Voter privacy is a legal gray area. Key to Cambridge Analytica’s work with Donald Trump’s presidential campaign is the fact that there are no privacy laws in the United States that directly prohibit political campaigns from buying, selling, or manipulating voter data and personally identifiable information. Without any privacy protections for individuals in the United States, companies such as Cambridge Analytica are able to exploit trillions of bits of personal information about individual voters. And while Facebook has offered a plethora of apologies and suspended the company from its platform, there’s not much you can do about it after the fact.

The Facebook Platform Policy​ clearly prohibits this type of data harvesting, instructing developers, “don’t confuse, deceive, defraud, mislead, spam or surprise anyone.” Facebook’s ​Platform Policy​ also says developers must, “obtain adequate consent from people before using any Facebook technology that allows us to collect and process data about them.”

Users whose data was harvested by Cambridge Analytica may have viable legal claims against the company. Yet, Facebook users ultimately have little recourse against Facebook itself. Third-party developers like Cambridge Analytica agree to Facebook’s Platform Policy​ and thereby, “agree to indemnify and hold us [Facebook] harmless from and against all damages, losses, and expenses of any kind (including reasonable legal fees and costs) related to any claim against us related to your service, actions, content or information.”

The Facebook privacy debacle involving Cambridge Analytica is bad, but its really only the tip of a very big iceberg.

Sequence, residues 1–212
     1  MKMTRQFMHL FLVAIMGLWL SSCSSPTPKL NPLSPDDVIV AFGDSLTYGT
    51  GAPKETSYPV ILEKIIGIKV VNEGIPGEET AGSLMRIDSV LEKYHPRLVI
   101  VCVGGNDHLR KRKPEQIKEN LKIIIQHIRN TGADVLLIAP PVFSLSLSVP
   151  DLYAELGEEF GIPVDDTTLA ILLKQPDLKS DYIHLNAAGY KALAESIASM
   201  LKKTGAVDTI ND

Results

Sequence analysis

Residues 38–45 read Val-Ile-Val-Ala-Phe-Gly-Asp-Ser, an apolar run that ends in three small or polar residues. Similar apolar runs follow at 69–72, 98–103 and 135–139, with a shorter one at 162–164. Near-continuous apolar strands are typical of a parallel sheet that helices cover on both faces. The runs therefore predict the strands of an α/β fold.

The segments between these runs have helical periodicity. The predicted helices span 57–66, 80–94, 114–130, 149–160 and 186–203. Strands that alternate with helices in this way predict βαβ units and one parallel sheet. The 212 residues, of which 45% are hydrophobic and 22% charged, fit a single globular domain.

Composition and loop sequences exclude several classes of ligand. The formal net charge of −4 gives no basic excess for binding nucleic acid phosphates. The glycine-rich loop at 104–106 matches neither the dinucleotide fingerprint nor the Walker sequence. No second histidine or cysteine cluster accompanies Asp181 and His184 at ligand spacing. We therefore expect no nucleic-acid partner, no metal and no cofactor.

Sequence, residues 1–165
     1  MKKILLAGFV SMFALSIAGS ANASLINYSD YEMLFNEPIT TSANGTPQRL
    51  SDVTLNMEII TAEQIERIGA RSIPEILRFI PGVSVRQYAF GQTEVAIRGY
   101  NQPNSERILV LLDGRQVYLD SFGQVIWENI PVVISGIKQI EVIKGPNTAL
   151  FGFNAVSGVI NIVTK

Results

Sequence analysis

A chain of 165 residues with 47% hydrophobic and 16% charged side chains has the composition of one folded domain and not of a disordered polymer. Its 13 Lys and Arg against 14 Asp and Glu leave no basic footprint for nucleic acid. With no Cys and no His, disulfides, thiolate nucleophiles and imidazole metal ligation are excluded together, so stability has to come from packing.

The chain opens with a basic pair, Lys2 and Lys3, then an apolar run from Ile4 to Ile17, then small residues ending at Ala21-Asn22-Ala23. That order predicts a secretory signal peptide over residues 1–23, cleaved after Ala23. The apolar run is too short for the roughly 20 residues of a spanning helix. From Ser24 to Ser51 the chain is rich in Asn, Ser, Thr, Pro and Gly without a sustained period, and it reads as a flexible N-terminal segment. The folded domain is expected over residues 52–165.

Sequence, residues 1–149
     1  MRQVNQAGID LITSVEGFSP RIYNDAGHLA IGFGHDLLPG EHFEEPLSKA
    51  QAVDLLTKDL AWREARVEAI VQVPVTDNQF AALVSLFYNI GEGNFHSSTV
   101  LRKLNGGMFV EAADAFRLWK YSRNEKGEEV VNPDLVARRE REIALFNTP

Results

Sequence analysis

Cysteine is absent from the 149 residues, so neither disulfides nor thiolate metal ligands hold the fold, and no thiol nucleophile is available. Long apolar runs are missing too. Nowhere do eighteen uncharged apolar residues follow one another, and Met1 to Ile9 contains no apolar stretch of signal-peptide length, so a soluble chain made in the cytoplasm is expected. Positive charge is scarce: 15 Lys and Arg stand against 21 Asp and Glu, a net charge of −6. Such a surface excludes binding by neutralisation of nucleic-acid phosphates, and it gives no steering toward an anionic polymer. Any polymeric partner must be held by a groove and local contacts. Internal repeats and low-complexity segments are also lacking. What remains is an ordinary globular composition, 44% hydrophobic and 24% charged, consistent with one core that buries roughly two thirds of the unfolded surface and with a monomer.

In short, Facebook is contractually off the hook for any improper actions taken by outside companies. This includes if companies want to use all that data to manipulate Facebook users, making the question no longer “how can I protect my own data,” but rather “how can I protect my own data from being used against me?” Again, federal and state privacy laws offer very little protection. Boycotting or deleting Facebook may prevent you from being manipulated on Facebook, but it won’t protect your data elsewhere.

It’s not just Facebook. If you exist in society, your data is collected. All the biggest technology companies track you around the web (i.e., Amazon A9, Google DoubleClick, and Verizon Oath), collect data about your life (i.e., Oracle Data Cloud (Datalogix), IBM Universal Behavior Exchange, and Adobe Audience Manager), and report your credit and financial wherewithal (i.e., Experian, Equifax Workforce Solutions, and CoreLogic SafeRent).

The Facebook privacy debacle involving Cambridge Analytica is bad, but its really only the tip of a very big iceberg. Americans are desperate for meaningful privacy laws to protect their personal information. And these laws should be stringently applied not just to Facebook, but to personal data in all commercial contexts.

Joel Winston (@joelwinston) is a Pittsburgh-based attorney who specializes in privacy and cybersecurity law. He formerly served as a Deputy Attorney General for the State of New Jersey and currently provides global legal and regulatory counsel to technology companies.



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Alexei Navalny supporters clash with police and ‘hundreds arrested’ as mass protests expected across Russia | World News

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Hundreds of people have reportedly been detained as a series of demonstrations in support of jailed Putin critic Alexei Navalny begins across Russia.

The gatherings, which police have declared illegal, are the first by Mr Navalny’s supporters since he was arrested last weekend on his return to Moscow, after spending five months in Germany recovering from novichok poisoning.

Police detain a man in Moscow. Pic: AP
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Police detain a man in Moscow. Pic: AP